Recreating the Kong: Skull Island ‘Toxic Yellow’ Look in DaVinci Resolve

March 6, 2024

Exercise your grading skills by matching Kong: Skull Island's 'Toxic Yellow' look in DaVinci Resolve. Luke Ross shares his approach.


A colour grading exercise

In this Insight, we use a reference still from Kong: Skull Island to build an inspired look that reflects an apocalyptic, toxic landscape. This Insight draws the key elements, emphasising controlling lifted and diffused shadows while managing colour casts so warm they may as well be dichromatic!

Shot by Director of Photography Larry Fong, the look of Kong: Skull Island heavily draws inspiration from Apocalypse Now. Director Jordan Vogt-Roberts captured a classic ‘70s look during principal photography. Combining a few simple serial nodes using straightforward tools like contrast/pivot and the primary corrector allows you to build a flexible and colourful look without worrying about breaking a qualifier or a power window.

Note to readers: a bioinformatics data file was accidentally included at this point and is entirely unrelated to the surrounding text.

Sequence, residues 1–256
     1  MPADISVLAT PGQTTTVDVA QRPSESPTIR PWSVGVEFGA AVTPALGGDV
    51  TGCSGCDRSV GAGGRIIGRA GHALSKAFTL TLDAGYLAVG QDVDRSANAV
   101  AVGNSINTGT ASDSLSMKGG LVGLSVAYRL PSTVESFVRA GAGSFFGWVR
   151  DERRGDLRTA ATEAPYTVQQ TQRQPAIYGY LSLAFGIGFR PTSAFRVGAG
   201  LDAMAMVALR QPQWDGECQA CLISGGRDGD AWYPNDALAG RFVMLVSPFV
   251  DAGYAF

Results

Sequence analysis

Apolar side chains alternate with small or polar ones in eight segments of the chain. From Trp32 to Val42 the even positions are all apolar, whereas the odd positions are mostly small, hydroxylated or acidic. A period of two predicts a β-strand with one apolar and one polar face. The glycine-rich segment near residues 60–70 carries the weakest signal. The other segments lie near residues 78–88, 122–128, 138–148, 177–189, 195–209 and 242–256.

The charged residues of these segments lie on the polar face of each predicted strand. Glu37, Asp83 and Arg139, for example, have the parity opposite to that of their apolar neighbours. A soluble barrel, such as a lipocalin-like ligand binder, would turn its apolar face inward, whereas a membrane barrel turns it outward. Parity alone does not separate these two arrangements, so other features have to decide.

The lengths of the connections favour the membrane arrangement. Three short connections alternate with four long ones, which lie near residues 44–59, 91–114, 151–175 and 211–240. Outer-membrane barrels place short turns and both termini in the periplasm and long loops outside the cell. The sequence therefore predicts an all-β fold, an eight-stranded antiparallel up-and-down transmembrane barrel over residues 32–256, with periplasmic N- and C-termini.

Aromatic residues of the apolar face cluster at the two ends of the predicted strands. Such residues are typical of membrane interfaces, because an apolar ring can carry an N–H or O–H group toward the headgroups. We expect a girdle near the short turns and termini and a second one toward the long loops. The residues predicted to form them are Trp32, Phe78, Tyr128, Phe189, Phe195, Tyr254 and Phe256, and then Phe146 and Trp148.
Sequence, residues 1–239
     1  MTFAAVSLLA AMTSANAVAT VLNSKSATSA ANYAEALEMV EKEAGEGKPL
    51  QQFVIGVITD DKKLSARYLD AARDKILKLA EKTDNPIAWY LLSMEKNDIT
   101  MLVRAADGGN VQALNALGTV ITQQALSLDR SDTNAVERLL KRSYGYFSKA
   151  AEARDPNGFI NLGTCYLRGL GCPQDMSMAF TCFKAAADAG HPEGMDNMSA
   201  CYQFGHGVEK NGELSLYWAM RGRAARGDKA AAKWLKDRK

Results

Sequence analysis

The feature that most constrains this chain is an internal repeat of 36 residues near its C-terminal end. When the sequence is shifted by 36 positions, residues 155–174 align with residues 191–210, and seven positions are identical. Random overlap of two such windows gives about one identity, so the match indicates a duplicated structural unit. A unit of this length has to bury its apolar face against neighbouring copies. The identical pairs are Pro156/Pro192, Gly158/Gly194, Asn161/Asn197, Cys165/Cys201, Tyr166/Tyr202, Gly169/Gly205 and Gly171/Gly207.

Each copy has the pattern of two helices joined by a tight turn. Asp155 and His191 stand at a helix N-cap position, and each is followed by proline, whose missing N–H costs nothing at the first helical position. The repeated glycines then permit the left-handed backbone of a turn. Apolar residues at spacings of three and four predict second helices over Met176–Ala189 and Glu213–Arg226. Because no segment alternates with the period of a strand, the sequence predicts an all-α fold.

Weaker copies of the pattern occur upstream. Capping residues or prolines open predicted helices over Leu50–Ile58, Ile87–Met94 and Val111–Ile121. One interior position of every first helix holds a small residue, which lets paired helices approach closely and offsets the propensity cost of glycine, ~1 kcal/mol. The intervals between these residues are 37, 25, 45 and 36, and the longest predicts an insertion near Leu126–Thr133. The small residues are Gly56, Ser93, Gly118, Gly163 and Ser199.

Key takeaways from this Insight

By the end of this Insight, you should understand how to:

  • Evaluate film stills using the Display Qualifier Focus
  • Experiment with the ‘Shot Match’ tool and blend the un-ideal results into the final grade using the Key Output tool.
  • Apply a green/yellow stylistic grade using the Primaries, HDR wheels and Colour Warper.
  • Add colour contrast using a vertical gradient matte
  • Match the contrast and skin tones across multiple shots in a scene

Mixing Light Premium Members – Download the sample footage and reference image

Premium members, be sure to download the sample footage I’ve provided – for your personal use – to try matching the supplied reference image.

Special thanks: The band Swerve City graciously provided this footage, but it should not be distributed to anyone else or uploaded anywhere else. It’s for your personal use only. Find Air Support on Apple Music or on their YouTube channel.

External Links

Related Mixing Light Insights

Questions or Comments? Leave a comment!

Would you take a different approach to recreating this look on ‘generically captured’ footage? Let me know in the comments! I’m always interested to see how other people work.

– Luke

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